AlfredLittle repeatedly asserts that the company has “refused” to let outsiders test the Ying Mine since 2008, but such tests aren’t required unless Silvercorp were to file to renew their mining permit, announce a change in their estimated resources or disclose a new discovery that hadn’t been previously made public.
To prove Silvercorp’s got the silver the company claims it does, they’ve went as far as releasing 12MB of bank statements from the Bank of Montreal. It doesn’t seem like the move a fraudulent company would make (especially since the statements show a closing balance of CAD$7 million).
Fraud allegation No. 3:
An SVM subsidiary’s largest customer is an undisclosed “related party.”
A “related party” relationship occurs when one company has the ability to control another company’s financial or operational decisions. It is true that a Silvercorp subsidiary (Henan Found Mining Co. Ltd.) has a 15 percent stake in a Silvercorp smelter, Luoyang Yongning Smelting Co. Ltd. But that fact was reported by Silvercorp in the company’s June 30 quarterly filing with the Canadian Securities Administrators, and it certainly doesn’t qualify as a “related party.”
“In fact, sales to the smelter, in keeping with the profitable concept of vertical integration, are
preferred as the Company obtains an interest in the smelting profit as well,” Silvercorp writes.
Fraud allegation No. 4:
SVM Acquired Yangtze Gold (the Gaocheng Project) from Chairman Rui Feng’s relative, and in the process yielded that relative a 1,500 percent gain in six months.
Silvercorp did indeed purchase rights to the Gaocheng (GC) project in 2008. However, that move was approved by the company’s board and duly reported to the TSX. It wasn’t, Silvercorp maintains, a six-month, 1,500-percent gain, though. In fact, Rui Feng’s relative spent six years exploring the site before it was acquired by Silvercorp in 2008.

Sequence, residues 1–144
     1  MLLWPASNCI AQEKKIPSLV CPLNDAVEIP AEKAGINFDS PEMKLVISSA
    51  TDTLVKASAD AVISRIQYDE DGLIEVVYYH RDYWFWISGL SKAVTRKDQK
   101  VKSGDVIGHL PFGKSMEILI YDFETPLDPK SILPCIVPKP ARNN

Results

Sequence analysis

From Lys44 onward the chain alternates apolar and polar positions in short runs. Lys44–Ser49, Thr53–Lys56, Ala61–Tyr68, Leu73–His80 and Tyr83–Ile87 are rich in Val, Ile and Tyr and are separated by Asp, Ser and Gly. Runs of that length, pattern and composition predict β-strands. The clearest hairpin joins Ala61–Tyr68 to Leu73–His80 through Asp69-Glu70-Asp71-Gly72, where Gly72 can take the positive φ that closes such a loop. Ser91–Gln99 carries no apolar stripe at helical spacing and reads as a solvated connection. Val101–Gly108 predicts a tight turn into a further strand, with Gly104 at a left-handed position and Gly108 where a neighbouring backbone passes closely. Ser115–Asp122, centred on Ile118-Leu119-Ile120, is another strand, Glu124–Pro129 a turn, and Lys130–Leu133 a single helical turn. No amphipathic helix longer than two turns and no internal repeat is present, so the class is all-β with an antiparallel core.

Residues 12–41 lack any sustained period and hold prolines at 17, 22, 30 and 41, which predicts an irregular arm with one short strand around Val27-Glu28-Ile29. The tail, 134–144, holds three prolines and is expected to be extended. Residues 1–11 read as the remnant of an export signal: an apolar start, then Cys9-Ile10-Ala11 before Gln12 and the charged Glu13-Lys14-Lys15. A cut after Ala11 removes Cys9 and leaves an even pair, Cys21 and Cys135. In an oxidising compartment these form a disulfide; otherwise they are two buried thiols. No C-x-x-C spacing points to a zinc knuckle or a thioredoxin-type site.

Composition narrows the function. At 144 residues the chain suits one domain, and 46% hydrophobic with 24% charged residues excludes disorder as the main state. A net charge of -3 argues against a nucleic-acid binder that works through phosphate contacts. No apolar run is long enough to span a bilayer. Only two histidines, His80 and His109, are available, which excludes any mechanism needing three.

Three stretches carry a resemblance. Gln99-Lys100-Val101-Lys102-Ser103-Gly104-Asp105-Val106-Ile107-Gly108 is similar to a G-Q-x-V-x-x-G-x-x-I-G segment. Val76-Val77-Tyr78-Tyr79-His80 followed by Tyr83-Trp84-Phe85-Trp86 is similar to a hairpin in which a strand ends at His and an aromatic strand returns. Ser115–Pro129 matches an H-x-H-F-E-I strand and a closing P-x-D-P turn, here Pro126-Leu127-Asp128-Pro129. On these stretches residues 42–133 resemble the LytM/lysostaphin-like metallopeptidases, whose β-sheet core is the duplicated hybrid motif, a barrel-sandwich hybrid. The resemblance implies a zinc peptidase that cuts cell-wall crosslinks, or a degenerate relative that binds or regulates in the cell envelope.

Now, Silvercorp looks at the GC projcet as one of the company’s prime assets: “The GC project is currently expected to be the biggest driver for the Company’s silver production growth over the next 3 years,” Silvercorp writes. “Since acquiring the project the Company has succeeded in increasing the resource, obtaining an environmental permit, a mining permit and is now moving the project into the construction phase.”
Fraud allegation No. 5:
The truckloads of ore arriving at Silvercorp’s mills don’t add up to the amount of silver the company claims to produce.
AlfredLittle claims its investigators counted trucks arriving at Silvercorp’s mills to get an idea of just how much ore the company is processing. “Our investigators spent two weeks this summer counting the number of 30 tonne capacity trucks delivering ore to SVM’s two mills,” the AlfredLittle report states.
“We appreciate you worked hard to count 2 weeks of our truck shipments in the hot Henan
summer,” Silvercorp retorts. “We think that your count (of the number of trucks) is reasonably close except that you do not know exactly how many tonnes each truck carries.”
According to Silvercorp, those 30-tonne trucks actually carry closer to 45 tonnes of ore on each trip.
Both the anonymous letter and AlfredLittle’s “report” look like a smear campaign designed to make a whole lot of money for the unidentified investors who have taken up huge short positions in the company. I say, wait for the dust to clear, then go long SVM. Consider it a discount on a great mining company.